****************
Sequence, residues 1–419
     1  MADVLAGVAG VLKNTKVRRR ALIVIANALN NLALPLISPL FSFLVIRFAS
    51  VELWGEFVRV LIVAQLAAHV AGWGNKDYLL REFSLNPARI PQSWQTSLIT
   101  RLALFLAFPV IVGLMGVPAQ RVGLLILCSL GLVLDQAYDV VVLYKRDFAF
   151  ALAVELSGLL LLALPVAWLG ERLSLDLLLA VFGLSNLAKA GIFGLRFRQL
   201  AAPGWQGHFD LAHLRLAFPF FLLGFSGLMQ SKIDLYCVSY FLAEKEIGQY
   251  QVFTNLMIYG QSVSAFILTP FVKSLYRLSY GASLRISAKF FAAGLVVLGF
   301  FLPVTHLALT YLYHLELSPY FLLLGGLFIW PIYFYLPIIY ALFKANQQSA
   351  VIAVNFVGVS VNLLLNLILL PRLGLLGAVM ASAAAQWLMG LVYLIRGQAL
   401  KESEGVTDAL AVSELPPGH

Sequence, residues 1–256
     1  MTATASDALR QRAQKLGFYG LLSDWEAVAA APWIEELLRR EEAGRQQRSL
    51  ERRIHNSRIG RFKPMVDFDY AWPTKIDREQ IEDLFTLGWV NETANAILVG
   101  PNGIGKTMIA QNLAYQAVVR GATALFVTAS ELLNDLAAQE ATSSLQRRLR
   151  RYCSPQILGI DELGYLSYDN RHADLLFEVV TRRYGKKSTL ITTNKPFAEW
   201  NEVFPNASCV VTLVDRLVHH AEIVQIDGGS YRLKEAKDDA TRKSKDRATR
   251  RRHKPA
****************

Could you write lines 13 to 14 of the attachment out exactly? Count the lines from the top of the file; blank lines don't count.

    51  ERRIHNSRIG RFKPMVDFDY AWPTKIDREQ IEDLFTLGWV NETANAILVG
   101  PNGIGKTMIA QNLAYQAVVR GATALFVTAS ELLNDLAAQE ATSSLQRRLR